Fedor Emelianenko: The Greatest of All Time, Yet Incredibly Overrated

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Fedor Emelianenko: The Greatest of All Time, Yet Incredibly Overrated

There are few fighters as polarizing as Fedor Emelianenko.

As such, it's always difficult to get a balanced view of the man.

Depending on who you talk to, Fedor Emelianenko is either the greatest heavyweight fighter of all time or incredibly overrated.

He's both.

 

The Greatest

When I say that Fedor is the greatest heavyweight of all time, the evidence isn't necessarily in his skills or abilities.

He's certainly skilled, well rounded and perhaps the most mentally tough fighter in the short history of the sport, but that was never the measure of greatness.

Fedor is the greatest not because of skills and attributes, but because of his record of achievements: No heavyweight fighter has accomplished as much as Fedor has over the 10 years or so of modern MMA history.

Nobody's resume compares.

So when people come up to me and say things like "Prime Velasquez would have beaten prime Fedor," my response is always the same: Velasquez hasn't achieved what Fedor has.

Greatness is a measure of what you've done, not some fanboy style coulda, wouda, shoulda in his prime, as long as he's motivated BS.

 

Overrated

When I say that Fedor is overrated, you've got to keep in mind that being overrated is always relative to the popular opinion of the man.

Fedor never thought of himself as invincible. He was about as humble of a champion as you could imagine, yet he gained a rabid fan following who would be quick to jump on anybody who mentioned attributed Fedor with anything less than godlike status.

These fans have fetishized and romanticized Fedor and his era to the point where they speak of the modern era as some sort of depleted and watered down version.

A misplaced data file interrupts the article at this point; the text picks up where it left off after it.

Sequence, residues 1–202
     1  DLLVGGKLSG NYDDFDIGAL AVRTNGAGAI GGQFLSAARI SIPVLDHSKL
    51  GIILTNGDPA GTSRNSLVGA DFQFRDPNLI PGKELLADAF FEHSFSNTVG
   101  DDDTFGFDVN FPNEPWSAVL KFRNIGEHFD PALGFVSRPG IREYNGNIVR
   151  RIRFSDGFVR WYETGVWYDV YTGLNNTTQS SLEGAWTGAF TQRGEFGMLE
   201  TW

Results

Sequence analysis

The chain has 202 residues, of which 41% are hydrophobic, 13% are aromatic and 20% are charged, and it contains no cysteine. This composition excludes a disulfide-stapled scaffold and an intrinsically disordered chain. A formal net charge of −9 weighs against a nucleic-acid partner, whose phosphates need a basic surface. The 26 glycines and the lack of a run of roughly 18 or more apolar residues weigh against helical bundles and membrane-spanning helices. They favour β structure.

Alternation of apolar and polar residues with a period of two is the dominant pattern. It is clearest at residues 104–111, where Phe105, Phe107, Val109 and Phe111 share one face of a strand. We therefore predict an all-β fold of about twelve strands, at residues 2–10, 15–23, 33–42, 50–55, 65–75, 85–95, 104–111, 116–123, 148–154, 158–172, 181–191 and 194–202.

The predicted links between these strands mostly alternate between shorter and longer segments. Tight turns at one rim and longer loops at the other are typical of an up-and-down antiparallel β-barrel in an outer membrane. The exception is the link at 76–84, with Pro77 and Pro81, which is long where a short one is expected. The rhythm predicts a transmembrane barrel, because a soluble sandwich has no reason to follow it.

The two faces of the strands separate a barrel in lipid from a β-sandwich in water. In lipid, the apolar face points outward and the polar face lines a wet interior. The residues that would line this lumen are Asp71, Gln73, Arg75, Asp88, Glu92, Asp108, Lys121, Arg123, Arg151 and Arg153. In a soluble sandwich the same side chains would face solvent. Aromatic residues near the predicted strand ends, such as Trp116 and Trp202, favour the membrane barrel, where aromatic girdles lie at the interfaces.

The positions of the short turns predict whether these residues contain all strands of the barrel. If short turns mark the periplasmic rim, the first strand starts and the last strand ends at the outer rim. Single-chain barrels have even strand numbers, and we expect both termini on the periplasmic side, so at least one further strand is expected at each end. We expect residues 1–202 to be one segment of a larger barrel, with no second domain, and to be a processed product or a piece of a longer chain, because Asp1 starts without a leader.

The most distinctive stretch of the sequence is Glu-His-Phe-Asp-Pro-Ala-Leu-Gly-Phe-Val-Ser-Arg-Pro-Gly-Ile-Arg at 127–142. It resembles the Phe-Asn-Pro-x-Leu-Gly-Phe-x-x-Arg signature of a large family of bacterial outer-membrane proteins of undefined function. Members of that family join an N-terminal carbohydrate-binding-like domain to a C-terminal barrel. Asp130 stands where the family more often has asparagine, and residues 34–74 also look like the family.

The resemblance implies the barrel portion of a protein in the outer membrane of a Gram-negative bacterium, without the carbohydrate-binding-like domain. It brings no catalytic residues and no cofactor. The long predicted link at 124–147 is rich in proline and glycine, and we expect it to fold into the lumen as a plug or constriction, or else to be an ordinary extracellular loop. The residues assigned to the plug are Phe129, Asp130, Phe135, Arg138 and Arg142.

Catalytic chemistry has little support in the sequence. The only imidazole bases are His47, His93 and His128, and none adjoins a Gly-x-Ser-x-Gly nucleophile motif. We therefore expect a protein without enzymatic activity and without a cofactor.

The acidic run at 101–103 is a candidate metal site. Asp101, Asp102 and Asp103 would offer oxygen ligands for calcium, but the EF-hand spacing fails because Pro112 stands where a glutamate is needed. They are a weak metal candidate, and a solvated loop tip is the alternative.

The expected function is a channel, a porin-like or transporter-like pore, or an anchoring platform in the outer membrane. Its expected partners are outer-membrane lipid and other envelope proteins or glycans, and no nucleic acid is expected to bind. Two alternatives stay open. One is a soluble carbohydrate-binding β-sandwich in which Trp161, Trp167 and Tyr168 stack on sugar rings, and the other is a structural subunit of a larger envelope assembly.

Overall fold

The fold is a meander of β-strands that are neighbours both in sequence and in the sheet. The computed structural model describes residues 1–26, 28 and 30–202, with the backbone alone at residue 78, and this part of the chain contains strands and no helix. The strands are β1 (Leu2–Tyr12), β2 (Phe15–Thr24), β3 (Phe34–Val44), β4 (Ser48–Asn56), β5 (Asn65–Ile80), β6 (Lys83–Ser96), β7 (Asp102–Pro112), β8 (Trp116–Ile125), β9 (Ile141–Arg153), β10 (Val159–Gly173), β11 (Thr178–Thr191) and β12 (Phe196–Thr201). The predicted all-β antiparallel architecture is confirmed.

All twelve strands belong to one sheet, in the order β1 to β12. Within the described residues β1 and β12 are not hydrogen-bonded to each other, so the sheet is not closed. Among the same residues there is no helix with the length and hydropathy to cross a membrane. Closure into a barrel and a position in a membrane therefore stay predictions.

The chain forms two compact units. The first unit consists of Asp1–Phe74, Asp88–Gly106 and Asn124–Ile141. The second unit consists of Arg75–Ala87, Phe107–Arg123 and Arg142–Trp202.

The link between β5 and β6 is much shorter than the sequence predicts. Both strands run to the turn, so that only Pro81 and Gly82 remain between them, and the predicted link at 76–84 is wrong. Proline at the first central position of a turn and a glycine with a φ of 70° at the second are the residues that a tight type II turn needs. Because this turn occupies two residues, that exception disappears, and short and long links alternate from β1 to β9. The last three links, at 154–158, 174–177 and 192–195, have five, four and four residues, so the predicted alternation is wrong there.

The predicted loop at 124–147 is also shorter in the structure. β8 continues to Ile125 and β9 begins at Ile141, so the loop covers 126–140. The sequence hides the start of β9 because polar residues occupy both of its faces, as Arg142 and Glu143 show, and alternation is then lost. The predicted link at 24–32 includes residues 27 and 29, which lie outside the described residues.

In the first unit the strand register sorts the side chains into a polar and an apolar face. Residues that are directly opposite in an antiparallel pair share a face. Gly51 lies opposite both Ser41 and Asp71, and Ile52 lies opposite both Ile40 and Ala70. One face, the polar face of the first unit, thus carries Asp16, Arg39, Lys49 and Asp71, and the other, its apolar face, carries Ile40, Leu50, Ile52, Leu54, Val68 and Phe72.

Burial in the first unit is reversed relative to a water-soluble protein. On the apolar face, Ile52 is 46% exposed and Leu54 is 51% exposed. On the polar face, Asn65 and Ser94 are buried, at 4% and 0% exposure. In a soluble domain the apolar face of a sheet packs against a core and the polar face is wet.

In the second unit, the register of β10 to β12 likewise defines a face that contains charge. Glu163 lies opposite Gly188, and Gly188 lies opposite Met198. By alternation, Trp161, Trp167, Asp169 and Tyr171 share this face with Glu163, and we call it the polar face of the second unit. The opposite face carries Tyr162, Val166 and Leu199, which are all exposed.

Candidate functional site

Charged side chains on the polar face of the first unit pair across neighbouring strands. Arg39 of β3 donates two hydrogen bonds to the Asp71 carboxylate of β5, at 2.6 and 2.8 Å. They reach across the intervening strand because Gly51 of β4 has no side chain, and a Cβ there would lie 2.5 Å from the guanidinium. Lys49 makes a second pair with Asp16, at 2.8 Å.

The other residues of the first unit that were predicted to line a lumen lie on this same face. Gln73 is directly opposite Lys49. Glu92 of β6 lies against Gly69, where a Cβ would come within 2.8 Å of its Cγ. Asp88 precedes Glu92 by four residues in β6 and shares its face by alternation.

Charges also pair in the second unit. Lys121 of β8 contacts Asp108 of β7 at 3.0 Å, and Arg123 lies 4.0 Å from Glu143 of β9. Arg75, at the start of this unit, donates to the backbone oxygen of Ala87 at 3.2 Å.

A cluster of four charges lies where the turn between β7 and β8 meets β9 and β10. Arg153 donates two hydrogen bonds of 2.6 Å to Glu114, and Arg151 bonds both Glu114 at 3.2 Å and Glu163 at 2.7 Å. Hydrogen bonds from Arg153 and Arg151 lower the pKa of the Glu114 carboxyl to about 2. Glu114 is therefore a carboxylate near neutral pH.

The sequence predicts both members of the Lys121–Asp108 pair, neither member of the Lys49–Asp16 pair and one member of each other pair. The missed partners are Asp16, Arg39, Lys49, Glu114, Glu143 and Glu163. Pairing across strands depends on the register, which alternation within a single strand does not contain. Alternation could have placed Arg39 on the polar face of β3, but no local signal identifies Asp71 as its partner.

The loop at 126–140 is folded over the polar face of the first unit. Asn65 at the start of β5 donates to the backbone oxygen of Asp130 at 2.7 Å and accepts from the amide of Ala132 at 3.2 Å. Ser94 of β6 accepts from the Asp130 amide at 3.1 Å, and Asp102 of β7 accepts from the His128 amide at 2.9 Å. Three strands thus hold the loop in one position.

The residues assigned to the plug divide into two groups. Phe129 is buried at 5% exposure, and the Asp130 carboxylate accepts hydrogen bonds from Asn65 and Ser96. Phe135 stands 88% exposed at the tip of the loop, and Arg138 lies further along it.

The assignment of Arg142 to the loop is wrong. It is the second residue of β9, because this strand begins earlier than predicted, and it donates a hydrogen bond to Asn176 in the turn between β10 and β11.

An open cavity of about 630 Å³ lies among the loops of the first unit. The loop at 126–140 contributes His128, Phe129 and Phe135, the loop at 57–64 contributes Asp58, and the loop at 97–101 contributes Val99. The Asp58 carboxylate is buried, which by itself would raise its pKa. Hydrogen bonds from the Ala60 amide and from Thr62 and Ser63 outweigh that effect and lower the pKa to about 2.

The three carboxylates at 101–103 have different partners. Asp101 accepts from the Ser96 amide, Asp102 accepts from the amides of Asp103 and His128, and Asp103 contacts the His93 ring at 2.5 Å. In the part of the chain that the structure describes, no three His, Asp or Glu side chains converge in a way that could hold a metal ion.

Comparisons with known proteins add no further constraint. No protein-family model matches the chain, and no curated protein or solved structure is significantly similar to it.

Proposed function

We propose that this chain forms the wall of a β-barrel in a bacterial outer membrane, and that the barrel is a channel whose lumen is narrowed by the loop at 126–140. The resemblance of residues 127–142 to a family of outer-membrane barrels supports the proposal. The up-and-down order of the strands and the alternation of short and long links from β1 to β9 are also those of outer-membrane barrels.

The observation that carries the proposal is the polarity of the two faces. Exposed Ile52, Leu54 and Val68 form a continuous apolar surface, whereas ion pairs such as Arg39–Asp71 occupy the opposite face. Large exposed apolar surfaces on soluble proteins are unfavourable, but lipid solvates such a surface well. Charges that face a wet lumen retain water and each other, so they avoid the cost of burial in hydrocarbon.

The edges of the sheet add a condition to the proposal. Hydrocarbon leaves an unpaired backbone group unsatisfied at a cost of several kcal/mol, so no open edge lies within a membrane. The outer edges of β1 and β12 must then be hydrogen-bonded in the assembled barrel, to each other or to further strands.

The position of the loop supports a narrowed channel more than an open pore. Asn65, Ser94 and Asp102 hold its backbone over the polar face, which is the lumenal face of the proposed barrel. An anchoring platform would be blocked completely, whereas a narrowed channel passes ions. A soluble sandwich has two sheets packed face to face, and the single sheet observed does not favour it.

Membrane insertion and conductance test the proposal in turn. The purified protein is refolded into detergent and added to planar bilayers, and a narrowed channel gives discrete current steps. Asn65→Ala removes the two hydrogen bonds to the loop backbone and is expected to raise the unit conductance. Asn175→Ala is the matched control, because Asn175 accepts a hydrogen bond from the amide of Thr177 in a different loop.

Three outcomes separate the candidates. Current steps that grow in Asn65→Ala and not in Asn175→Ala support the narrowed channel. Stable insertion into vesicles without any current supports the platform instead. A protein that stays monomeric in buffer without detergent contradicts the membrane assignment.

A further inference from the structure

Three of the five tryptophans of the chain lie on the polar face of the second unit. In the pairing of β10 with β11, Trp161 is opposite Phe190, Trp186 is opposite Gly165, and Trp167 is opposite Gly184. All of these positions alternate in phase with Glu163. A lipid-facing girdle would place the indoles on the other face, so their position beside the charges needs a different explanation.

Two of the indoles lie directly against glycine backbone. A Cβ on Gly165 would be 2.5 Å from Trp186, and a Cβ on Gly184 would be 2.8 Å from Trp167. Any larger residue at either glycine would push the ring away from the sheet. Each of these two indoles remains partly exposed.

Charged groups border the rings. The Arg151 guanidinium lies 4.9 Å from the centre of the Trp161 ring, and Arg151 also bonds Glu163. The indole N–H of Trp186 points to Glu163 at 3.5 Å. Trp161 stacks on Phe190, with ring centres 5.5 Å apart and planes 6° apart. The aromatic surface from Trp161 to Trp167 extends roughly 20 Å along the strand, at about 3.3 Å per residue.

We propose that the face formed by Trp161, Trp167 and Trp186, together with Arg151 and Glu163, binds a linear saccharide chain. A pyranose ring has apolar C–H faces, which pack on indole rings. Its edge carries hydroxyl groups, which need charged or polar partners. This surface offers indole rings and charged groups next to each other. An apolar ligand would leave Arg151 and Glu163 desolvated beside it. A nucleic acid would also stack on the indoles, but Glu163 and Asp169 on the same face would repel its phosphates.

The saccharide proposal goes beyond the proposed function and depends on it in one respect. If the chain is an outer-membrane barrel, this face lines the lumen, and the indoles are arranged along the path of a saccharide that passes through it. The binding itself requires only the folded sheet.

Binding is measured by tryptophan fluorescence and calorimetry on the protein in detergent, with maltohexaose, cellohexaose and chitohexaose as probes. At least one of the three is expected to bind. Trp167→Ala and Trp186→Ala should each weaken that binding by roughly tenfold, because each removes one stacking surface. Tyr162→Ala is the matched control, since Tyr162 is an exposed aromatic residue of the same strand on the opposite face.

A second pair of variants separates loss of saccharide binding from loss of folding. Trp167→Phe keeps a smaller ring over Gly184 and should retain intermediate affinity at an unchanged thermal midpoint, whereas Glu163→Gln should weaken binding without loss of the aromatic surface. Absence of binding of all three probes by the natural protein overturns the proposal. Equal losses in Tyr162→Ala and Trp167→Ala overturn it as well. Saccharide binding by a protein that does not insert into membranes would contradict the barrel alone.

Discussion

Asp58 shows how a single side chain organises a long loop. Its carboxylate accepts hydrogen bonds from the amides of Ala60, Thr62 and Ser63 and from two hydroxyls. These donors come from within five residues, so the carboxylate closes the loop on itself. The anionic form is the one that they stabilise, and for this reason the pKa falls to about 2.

MMA today will never be as good for them as it was five or six years ago.

When compared to that opinion, Fedor is completely overrated.

On the other hand, there is a reactionary group who seem to hate Fedor for something that was never his fault: his fans.

Fedor's most rabid fans are some of the worst fans on the internet.

You can't have a rational argument with them, because everything always degenerates to "Fedor would armbar him in less than a minute."

But that's not Fedor's fault.

The bottom line is that as much as you may disagree with Fedor's most feverish supporters, the only real thing you can be mad at Fedor for is his refusal to sign with the UFC, and even that was a business decision and not some show of cowardice, as his detractors would try to frame it.

 

As a writer, I always find myself criticizing Fedor in light of popular opinions about him.

As a fan, I always find myself defending Fedor when he comes up in casual conversation.

Recently, I feel that even people in the media are giving Fedor way too much credit by saying that his loss was a result of his own physical decline, as if prime Fedor would never have lost to an Antonio Silva.

I completely disagree.

If Mark Hunt the one-dimensional kickboxer was able to threaten Fedor with a submission back in 2006, I see no reason why a 280 pound BJJ black belt like Antonio Silva couldn't have just beaten him up in his prime just like we saw yesterday.

Fedor's record has been padded with a lot of victories over subpar competition. If a modern heavyweight like Cain Velasquez or Alistair Overeem simply beats five or six modern elite heavyweights in a row, I'm prepared to change my opinion on who is the greatest heavyweight of all time.

But until that happens, the greatest of all time is still Fedor.

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